Cymbidium goeringii "Gyoku-ei" (Japanese) 日本春蘭「玉英」

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Mar 30, 2020
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Cymbidium goeringii "Gyoku-ei" (Japanese) 日本春蘭「玉英」。It's time to check the buds. There are 2 buds this year. Stage 1 shading is finished, the flower buds are whitish. The smaller bud came out later than the bigger bud, so it still has a few more weeks to go before it reaches 3cm-5cm in size. The flower buds are continued to be shaded using aluminum foil caps. The aluminum cap is only removed 2 weeks before flowers bloom in the spring. To bloom, vernalization is required in the winter (0C-10C no higher and no lower). This plant produced buds 3 years in a row and will bloom 3 years in a row by Spring 2022. Although this Cymbidium goeringii only has 4 growths (the leave length is no more than 20 cm), it has probably more than 10 white long hard roots, that's why it can bloom 3 years in a row. When Japanese culturing method is followed, C. goeringii produces strong roots and can bloom every year. Last picture was the flower from Spring 2021. All my C. goeringii are grown in Toronto, Canada.


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Beautiful plants! I am curious why the buds have to shaded. Can you explain more about this? Thanks!
C. goeringii basic colour (wild type) is green. Flower colour mutations occur and the Japanese has been collecting these types of C. goeringii for hundreds and hundreds of years (they have been over collected in Japan, so it is very rare to find a C. goeringii that has a coloured flower in Japan). In the wild, flower buds start to form by the end of July/early August and will only bloom in the followng Spring (March). For 9 months, the flower buds are covered by leaf litter, so the shading technique is used to simulate what happens in nature.

99% of Chinese C. goeringii are green, so no shading is required. For coloured varieites (red, purple, orange, yellow, white), shading is required. Since most coloured varieites are Japanese and Korean origin, this is what you do for Japanese and Korean C. goeringii. The reason to shade the bud is to make sure that the buds are developed in the dark without any chlorophyll, so it will produce vibrant colours when it blooms in the spring. Also, the covering softens the flower petals during flower development and it will produce better flower quality as well. To produce the vibrant colour in the spring, vernalization is also a very important factor (required to bloom and get the colour right). Vernalization starts around Winter Solstice and ends when the flowers bloom (min 50 days and for many varieites longer). I end vernalization when the flowers are ready (naturally), I don't abruptly stop vernalization as many growers do, by stop vernalization abruptly, the flower buds can go into a shock, hence, abort the flower buds. During vernalizaton, the temperature must be between 0C-10C at all times (no higher and no lower). It is the combination of shading the flower bud and the near-freezing temp during vernalization, that will give these vibrant flower colous in the spring.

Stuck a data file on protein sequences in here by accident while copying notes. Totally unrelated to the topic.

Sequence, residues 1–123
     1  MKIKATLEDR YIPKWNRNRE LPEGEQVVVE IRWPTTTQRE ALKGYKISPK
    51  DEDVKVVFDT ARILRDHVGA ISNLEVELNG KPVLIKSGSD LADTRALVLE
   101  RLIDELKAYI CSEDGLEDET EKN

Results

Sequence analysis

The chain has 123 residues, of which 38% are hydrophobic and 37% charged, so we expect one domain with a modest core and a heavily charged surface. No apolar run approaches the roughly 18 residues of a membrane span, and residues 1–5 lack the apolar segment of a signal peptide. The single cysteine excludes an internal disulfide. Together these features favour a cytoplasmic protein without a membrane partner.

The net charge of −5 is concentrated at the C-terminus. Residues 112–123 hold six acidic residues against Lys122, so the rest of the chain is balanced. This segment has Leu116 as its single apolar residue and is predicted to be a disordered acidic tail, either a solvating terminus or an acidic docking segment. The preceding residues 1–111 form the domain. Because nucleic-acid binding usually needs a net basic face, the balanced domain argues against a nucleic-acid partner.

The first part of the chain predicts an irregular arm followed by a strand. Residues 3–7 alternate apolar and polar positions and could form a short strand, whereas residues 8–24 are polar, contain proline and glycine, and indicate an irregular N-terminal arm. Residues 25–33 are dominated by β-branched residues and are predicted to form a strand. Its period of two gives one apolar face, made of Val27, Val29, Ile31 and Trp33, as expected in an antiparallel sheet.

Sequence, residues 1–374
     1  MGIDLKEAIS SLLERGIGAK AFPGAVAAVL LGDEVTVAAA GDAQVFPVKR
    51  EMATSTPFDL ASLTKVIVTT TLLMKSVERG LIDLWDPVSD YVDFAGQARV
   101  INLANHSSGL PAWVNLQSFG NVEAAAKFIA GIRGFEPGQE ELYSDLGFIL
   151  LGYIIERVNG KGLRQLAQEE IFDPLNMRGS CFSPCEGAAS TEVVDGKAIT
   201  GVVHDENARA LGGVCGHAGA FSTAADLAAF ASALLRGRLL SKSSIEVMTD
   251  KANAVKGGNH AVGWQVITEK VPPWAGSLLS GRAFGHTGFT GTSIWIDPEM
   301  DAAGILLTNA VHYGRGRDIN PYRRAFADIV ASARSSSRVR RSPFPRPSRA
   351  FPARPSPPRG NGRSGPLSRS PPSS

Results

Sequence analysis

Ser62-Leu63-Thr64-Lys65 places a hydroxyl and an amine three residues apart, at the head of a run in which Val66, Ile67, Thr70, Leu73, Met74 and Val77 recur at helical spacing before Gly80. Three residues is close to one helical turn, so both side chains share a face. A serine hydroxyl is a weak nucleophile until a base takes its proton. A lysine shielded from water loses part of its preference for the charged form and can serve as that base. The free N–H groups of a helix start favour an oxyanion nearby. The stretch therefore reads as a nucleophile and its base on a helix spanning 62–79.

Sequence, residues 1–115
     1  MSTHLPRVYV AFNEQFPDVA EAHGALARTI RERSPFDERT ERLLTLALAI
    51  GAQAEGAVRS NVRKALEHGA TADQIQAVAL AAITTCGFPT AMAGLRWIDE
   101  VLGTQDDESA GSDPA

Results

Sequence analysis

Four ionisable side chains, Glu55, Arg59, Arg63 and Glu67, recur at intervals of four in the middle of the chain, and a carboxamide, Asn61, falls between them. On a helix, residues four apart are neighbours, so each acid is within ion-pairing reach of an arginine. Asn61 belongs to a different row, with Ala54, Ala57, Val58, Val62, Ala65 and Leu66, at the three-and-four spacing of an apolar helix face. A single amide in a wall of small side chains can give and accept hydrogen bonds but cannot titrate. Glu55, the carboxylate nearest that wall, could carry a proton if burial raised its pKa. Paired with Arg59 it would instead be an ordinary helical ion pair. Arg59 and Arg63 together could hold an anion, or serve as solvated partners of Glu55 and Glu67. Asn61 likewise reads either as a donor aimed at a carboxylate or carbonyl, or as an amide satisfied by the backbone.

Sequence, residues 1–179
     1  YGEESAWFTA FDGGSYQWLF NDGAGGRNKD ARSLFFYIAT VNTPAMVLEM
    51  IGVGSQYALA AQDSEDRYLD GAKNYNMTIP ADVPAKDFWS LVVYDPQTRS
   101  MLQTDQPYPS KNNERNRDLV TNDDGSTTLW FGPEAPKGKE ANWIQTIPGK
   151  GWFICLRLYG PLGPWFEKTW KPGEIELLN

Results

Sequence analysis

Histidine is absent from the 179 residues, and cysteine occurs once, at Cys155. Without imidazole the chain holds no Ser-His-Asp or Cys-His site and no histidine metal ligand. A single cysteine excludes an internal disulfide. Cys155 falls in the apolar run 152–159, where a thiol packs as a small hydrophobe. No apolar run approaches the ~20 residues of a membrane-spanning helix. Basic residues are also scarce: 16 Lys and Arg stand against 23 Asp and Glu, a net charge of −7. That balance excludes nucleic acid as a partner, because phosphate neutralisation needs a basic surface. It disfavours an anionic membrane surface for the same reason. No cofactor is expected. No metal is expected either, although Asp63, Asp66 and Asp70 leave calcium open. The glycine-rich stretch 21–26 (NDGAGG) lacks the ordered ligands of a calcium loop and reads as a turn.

Attached is a picture of C. goeringii "Haruka" (Japanese) 日本春蘭「春華」。This is another C. goeringii in my collection. There are 4 flowers in the picture, the 3 flowers that were shaded, produced white tall stem with vibrant orange colour (desired), with correct petal shape (lotus plum flower petal shape). The 4th flower, as an experiment, I didn't shade the bud at all, and the flower colour is muddy and dull with a short flower stem (not desired), and not so good flower petal shape. This plant produced 3 flower buds this year (bloomed 2 years in a row already with 4 flowers every year), but I decided to pluck all of them this year, so will give more vigoruous growths next year.


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